Friday, May 13, 2011

Walcott Appointee David Weiner Meets With E4E's Evan Stone and Sydney Morris at Tweed


An Ed Notes Exclusive (Not a joke):

Among David Weiner's first appointments in his new position as deputy chancellor for talent, labor and innovation, was a meeting on Thursday May 12 with the leaders of Education 4 Excellence Sydney Morris and Evan Stone. Clearly, his priority is to come up with an innovative way to use E4E to undermine teacher rights. Expect an escalation in E4E's activities with direct access to principals and behind the scenes pressure to allow E4E into school buildings to meet with teachers.

The secret cameras Ed Notes operatives installed throughout Tweed, captured the meeting. Audio is too fuzzy to release but you can just imagine the conversation. An ed notes cluster and free ticket to a screening of the response to WfS goes to the best dialogue submitted by readers.

Evan and Sydney headed over to the big rally after the meeting where I ran into them and we engaged in a mini-debate as we walked. I asked them what they were doing there and they said, "we are against layoffs like everyone else is." They were alone so there was no presence from E4E that I saw as an organization and it would have been a perfect opportunity to bring out all those teachers who supposedly support them to make a show of force that they were more interested in stopping layoffs than killing LIFO.

We did agree on a certain level of whether the UFT put on an effective rally. But more on that some other time.

What I gleaned from our brief conversation was that E4E sees teachers as a hierarchy of effectiveness where I see people as either being competent or not. I asked them if they actually knew ineffective teachers at their school. They were circumspect given they still have ties to their school, which to me means that they think there are some lousy teachers there. I asked if their principal has done anything about ineffective teachers and again they were careful. So these advocates for children when it comes to their own back yard are silent. My guess is that even if LIFO were gone these teachers might still be there due to political relationships which is the driving force in most schools.

By the way, will Sydney and Evan lose their F-status jobs in the upcoming layoffs, which will cost them any claim to still being teachers?

We had a deeper conversation than what I am reporting and I do like engaging them because it illuminates my thinking and it also exposes some thinking that I think more teachers than we like to think agree with. I remember a guy I worked with in my last years who had tremendous resentment about the people he thought were getting away with stuff in his school while he worked his ass off. I too admit to some of that thinking in my early years. So instead of just calling Evan and Sydney and Ruben and other E4E people names, we should go after that way of thinking. Yes, there will always be incompetents, lazies, people who use the system, etc. The simple answer is that every single job has people like this, but the fact that we deal with children, often poor, puts a microscope on us (same with social workers, etc.) (I would point out that bad police have a much more serious impact.)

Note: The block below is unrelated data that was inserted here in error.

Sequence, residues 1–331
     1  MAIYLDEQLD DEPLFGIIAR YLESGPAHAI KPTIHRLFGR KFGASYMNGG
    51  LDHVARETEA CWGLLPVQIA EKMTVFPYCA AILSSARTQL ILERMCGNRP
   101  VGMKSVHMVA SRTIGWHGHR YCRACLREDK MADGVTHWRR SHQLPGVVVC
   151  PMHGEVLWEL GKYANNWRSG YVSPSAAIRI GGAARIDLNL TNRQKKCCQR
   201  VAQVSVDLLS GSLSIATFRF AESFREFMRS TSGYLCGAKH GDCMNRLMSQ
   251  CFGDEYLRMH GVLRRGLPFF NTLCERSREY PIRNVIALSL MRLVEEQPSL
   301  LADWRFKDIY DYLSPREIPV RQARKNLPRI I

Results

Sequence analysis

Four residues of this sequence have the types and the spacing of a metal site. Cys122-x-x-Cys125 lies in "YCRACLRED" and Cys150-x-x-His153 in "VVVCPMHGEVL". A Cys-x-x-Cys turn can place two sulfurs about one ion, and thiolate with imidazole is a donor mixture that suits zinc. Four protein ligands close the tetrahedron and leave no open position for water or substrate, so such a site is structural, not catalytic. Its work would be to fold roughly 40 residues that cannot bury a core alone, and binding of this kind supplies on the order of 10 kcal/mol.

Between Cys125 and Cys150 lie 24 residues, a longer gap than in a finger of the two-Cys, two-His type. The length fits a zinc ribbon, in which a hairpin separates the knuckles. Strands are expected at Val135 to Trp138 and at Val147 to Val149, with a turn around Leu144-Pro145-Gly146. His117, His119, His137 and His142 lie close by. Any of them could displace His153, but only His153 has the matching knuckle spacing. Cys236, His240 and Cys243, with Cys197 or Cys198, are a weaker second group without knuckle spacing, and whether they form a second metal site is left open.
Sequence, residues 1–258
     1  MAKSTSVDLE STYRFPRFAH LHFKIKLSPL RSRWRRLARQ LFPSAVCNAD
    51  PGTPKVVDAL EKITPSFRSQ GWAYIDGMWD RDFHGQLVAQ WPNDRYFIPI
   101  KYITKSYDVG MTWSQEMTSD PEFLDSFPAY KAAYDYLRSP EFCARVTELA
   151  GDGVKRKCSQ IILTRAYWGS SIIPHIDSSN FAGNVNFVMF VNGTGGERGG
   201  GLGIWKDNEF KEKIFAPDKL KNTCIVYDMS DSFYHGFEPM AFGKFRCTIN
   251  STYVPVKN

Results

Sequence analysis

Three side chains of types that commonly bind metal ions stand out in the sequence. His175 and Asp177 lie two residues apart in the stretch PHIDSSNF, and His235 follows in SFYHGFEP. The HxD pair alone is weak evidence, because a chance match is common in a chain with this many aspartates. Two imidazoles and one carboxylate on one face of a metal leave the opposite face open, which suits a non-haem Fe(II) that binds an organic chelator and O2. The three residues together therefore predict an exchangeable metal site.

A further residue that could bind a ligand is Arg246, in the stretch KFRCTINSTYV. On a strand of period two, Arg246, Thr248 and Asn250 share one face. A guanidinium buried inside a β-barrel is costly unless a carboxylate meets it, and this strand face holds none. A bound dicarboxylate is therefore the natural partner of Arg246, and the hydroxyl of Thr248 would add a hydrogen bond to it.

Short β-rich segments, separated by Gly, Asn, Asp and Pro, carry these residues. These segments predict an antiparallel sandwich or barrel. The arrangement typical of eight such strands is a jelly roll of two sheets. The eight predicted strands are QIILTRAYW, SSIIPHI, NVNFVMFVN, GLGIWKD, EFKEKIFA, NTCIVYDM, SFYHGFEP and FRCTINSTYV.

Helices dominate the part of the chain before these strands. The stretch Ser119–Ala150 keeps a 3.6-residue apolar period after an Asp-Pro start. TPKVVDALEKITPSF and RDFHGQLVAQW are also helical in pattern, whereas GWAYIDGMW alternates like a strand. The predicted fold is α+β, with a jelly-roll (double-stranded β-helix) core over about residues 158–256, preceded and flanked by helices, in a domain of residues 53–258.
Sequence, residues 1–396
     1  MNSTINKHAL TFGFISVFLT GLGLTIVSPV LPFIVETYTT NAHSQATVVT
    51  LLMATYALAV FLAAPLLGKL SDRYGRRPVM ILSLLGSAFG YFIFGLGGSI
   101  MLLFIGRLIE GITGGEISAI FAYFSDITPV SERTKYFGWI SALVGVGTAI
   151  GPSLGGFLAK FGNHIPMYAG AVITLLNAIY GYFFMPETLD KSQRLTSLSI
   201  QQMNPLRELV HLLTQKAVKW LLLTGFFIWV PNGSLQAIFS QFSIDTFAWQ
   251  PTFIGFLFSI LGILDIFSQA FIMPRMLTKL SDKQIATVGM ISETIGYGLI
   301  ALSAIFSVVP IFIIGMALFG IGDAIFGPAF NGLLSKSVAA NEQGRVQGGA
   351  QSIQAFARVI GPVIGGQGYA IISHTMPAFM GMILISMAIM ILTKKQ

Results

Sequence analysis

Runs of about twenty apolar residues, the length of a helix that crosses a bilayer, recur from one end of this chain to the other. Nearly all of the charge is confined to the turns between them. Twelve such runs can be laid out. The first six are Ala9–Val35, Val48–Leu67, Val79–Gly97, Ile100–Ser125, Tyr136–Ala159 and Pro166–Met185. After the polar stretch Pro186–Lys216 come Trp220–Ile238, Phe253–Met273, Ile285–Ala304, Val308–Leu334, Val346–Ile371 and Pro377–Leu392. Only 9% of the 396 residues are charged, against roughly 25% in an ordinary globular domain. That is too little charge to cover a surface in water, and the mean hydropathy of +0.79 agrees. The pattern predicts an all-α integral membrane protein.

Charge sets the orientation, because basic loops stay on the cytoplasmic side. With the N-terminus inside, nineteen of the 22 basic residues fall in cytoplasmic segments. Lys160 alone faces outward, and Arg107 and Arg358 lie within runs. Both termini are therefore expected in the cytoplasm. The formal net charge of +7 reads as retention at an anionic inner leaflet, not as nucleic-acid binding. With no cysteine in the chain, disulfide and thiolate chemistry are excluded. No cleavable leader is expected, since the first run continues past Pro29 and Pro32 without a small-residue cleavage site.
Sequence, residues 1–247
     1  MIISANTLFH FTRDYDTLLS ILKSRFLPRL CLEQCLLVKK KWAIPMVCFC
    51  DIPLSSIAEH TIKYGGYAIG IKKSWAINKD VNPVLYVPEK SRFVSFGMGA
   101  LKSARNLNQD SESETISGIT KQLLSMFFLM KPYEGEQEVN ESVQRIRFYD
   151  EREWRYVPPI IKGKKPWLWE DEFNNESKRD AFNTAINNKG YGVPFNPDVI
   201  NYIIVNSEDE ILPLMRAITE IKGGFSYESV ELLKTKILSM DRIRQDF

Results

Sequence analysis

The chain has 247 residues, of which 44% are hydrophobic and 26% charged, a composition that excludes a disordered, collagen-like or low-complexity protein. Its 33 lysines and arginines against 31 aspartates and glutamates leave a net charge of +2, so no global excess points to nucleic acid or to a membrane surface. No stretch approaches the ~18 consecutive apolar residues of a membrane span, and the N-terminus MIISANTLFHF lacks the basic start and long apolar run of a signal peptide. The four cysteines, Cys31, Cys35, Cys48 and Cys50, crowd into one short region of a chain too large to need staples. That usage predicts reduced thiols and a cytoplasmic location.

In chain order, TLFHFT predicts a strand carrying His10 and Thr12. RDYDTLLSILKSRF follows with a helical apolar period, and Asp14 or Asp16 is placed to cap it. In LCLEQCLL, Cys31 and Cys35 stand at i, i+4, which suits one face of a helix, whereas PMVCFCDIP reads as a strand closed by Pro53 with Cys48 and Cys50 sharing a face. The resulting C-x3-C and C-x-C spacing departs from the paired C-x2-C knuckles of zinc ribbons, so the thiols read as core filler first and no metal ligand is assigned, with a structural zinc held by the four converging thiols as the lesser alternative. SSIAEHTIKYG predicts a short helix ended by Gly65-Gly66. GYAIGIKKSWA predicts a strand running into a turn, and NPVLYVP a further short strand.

How do we deal with this? Not by using test scores. My answer has always been a degree of greater control over the schools by teachers themselves, who would be very hard on those who don't pull their weight. (I counter pose these people to those who are simply incompetent.)

Gotta go now. Maybe more thinking about this later.


  1. Thanks for putting "not a joke" at the top of this post. Too bad this is for real, though. These kids...

  2. "David Weiner Meets With E4E's Evan Stone and Sydney Morris at Tweed"... I wondered what these users of the system talked about? David Weiner worked as a kindergarten teacher in California for a couple of years and then he was the principal in a Hispanic elementary school in Sunset Park, Brooklyn for 2 years. It seems that he used the system as a stepping stone for his new job.

  3. First off, just to get it out if the way, they were there so they could say they were against the layoffs, while making sure that there was no group presence. After receiving criticism for completely ignoring layoffs when their group was first rolled out in public, their political antennae told them to make the perfunctory statements against cutbacks that they do. It's totally meaningless and empty. To have actually shown up en masse, behind a banner with their supporters might have disturbed the funders.

    The issue is not Morris and Stone's opinions, which may indeed by in sync with more classroom teachers than we'd like. After all, people, including teachers, have all sorts of confused, misinformed, vain and self-serving opinions.

    The issue is that Morris and Stone's misconceptions are so perfectly aligned with, and amplified by, powerful interests that are fundamentally antagonistic to students, teachers and public education in general. They are a vehicle for what are often nihilistic attacks on public schools as an evolving (and flawed) experiment in democracy and humane endeavor, and their replacement by a narrow, greed and power-driven mechanism of labor procurement and social control.

    They are parties to a giant fraud.

    By all means, let's go after their line of thinking, as you say. But they should also be energetically exposed and attacked.

  4. Norm, you were way, way to kind. They are nothing more charlatans.

  5. I think the point with them should be that the focus on "the bad teacher" is a misguided waste of money and time that we could be using to make schools and teachers better at educating students. But I am tired and this person says it all:

    And hi Norm! I'll be sure to post a link to this in the comments of Ruben's next post.


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